FBI: Chaos on the Internet Is Unacceptable
In a recent interview with NPR, FBI Director Steve Chabinsky discussed the recent arrests. "We want to send a message that chaos on the Internet is unacceptable. [Even if] hackers can be believed to have social causes, it's entirely unacceptable to break into Websites and commit unlawful acts," Chabinsky said. The charge of intentional damage to a protected computer carries a maximum penalty of 10 years in prison and a $250,000 fine, and each count of conspiracy carries a maximum penalty of five years in prison and a $250,000 fine, according to the FBI. Anonymous "suspects" may face a fine of up to $500,000, with the addition of 15 years' jail time even if all they did was download the Low-Orbit Ion Cannon software to take part in the DDOS attack.Anonymous claims there is a "vast difference" between participating in a civil protest and cyber-criminals running a large botnet. "The end doesn't justify the means. Time spent throwing bricks through other people's digital windows doesn't actually teach anyone anything about glassmaking, glazing or civil engineering," Paul Ducklin, head of technology for the Asia Pacific group at Sophos, wrote on the NakedSecurity blog in June.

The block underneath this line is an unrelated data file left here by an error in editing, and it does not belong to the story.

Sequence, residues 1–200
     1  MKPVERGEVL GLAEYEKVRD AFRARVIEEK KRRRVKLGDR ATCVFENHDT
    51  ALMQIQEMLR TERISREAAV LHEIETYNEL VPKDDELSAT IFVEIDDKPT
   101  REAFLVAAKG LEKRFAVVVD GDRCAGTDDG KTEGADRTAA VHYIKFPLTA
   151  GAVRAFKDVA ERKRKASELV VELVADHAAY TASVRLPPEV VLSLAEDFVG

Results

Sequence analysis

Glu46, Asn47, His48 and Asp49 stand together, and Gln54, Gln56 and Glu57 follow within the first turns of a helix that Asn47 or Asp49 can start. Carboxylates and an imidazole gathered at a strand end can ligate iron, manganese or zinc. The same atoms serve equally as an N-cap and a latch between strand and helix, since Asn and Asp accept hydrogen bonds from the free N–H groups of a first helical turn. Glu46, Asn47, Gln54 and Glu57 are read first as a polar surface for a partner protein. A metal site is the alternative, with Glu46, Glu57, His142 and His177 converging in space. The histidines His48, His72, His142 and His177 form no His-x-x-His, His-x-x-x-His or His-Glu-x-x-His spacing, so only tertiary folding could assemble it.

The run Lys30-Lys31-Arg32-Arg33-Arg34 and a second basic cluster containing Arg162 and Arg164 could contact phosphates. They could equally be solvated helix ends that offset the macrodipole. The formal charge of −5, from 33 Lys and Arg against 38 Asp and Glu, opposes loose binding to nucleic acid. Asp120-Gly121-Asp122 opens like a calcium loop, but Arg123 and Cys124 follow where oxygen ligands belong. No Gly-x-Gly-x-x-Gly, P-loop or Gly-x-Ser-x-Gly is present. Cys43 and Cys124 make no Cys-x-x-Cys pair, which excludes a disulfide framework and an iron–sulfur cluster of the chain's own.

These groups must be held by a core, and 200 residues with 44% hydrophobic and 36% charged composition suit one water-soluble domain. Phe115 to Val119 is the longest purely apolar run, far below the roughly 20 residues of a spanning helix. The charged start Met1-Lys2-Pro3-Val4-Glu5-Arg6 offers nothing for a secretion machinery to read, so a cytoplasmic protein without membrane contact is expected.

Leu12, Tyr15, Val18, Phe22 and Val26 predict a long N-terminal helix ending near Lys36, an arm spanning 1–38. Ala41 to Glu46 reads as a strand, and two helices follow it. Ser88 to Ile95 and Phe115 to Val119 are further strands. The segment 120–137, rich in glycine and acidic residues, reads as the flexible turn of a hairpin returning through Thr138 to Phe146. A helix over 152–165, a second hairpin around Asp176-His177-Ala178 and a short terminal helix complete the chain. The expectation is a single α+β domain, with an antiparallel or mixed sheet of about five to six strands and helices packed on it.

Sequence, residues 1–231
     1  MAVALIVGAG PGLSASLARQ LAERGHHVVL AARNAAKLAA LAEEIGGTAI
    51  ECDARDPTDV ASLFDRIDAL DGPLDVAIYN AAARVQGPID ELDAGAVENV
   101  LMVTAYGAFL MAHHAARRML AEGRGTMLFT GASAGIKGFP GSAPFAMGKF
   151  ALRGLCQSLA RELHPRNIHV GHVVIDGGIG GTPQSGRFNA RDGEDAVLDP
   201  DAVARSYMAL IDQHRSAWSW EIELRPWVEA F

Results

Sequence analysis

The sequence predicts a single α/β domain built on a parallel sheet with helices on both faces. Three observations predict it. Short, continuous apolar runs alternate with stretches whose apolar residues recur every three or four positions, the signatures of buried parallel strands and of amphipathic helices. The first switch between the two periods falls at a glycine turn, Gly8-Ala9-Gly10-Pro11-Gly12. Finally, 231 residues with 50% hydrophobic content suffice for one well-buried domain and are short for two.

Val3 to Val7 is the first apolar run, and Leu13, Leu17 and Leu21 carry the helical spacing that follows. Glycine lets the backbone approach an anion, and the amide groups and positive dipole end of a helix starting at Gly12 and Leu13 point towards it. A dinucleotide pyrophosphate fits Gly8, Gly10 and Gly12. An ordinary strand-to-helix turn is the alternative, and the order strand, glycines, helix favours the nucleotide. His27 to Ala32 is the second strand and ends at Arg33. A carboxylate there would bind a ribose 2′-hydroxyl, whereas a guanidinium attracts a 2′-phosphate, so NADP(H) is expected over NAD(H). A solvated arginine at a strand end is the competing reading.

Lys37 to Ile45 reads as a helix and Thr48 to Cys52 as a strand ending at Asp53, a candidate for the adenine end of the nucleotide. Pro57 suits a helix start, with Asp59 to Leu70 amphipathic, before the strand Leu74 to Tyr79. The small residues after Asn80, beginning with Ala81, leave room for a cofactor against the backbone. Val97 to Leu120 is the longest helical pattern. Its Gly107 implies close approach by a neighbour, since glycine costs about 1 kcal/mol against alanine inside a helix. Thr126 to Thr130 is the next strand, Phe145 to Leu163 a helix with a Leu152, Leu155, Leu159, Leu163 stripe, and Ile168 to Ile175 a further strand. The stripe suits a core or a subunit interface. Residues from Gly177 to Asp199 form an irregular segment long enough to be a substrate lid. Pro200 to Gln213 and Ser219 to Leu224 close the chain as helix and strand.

Some Internet users forget that participating in DDOS attacks against Websites and online organizations for whatever reason is against the law, Graham Cluley of Sophos, told eWEEK. "If found guilty, most of these individuals are likely to turn out to be foot soldier volunteers in a much bigger Internet conflict, and yet by knowingly participating in a denial-of-service attack it's unlikely that they will be looked upon kindly by the courts," Cluley said.